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Gary Tanashian
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Gary Tanashian is proprietor of Biiwii.com. Actionable, hype-free technical, macro economic and sentiment analysis is provided in the premium newsletter Notes From the Rabbit Hole (http://www.biiwii.com/NFTRH/subscribe.htm). Complimentary analysis and commentary is available at the 'Biiwii Blog'... More
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  • What's Up Citi? Bloomy?
    ...not long term interest rates, I can tell you that.

    So far, not so good for the 'bond yields are going to rise' case. This is what bothers me. Why on earth would a reputable outfit like Bloomberg even publish that? Some pro TA guy for a big institution hallucinates a daily (or was it a 60 min.?) double bottom in long rates and an article is published in Bloomberg? What about the weekly (and much more significant) double bottom in the long bond fund TLT that we have been following here for many weeks now?

    Certainly these guys did not scare me into even thinking of selling my TLT. But then again, I know mumbo jumbo when I read it. What about innocent folks who just want to read the financial media and get a straight scoop? Sorry pal. This is Larry land.

    Hey, I could be crowing right into inflationary Armageddon on Monday. I don't think so, but I am not the type to call a victory til it's decided. But this was just irresponsible journalism. Then again, our major financial media are filled with that. It sells man. Everything's for sale. Even lousy information. Meanwhile, that candle on the TLT is about to make a weekly close above the resistance line that I drew a couple weeks ago.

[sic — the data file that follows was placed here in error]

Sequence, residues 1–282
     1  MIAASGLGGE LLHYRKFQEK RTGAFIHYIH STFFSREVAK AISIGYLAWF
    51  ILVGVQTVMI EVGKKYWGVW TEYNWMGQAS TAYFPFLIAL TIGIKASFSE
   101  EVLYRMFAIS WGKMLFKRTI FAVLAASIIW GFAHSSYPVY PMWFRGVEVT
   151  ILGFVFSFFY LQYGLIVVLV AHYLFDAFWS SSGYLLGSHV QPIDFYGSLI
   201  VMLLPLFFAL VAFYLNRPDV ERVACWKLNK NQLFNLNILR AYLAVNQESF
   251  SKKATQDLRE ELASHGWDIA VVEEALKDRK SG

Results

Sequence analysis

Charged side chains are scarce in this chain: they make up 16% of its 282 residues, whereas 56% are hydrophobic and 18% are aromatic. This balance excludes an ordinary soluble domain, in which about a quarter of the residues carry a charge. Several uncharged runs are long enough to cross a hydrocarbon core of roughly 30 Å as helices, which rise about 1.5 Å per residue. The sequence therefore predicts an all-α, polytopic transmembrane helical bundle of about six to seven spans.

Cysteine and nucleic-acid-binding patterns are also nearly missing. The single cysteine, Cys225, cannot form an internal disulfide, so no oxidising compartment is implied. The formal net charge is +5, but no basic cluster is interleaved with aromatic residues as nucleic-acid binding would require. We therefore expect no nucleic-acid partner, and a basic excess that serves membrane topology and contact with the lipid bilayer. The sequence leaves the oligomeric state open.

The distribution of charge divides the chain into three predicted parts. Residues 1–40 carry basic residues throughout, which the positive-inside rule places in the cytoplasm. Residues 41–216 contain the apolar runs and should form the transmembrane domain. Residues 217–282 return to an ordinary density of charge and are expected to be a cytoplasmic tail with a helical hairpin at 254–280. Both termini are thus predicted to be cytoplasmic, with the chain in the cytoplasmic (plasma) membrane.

Sorry for the lateness in posting.  The context of the posts may be viewed at my regular blog.

    Disclosure:  Long TLT
    Sep 25 4:05 PM | Link | Comment!
  • From Citi & Bloomberg
    The things the major financial media feed the public... BTW, a gentleman from Bloomberg monitors this blog, or at least used to. Thus far I have been unable to give him anything fit to print. Wonder why? ;-)

    Some readers may remember that a couple years ago I commented on an alternate blog I used to have about some TA by Goldman's technical analysts calling for a major correction in gold. They used some mumbo jumbo about fading monthly momentum and projected gold going back to 600. I wrote something like 'if gold goes to their target it will not be because of declining monthly momentum cited by these technical analysts because the monthly chart shows no such thing'. In fact, it remained bullish and we all know where gold went.



    It feels slimy even comparing 30 year treasury bonds to gold, but one might at least wonder why this piece has appeared. Is it time to get the public 'all in' on the inflation trade? Is Larry too busy collecting millions on speaking engagements to give his tragic misdirection on long bonds? Basically, the major financial media are telling you that treasury bonds are unsafe. They are right too. Treasury bonds are a toxic waste dump. But I still believe that we are temporarily in a 'waste is rising' phase.

    Here is a chart of my own showing some parameters. Meanwhile, for the secular trigger in the long bond, NFTRH will continue to follow the real big picture view, which has not been noted recently because I don't think it is near time for it to come into play. But it has nothing to do with foolish short term 'double bottoms' or any other noisy stuff in the media.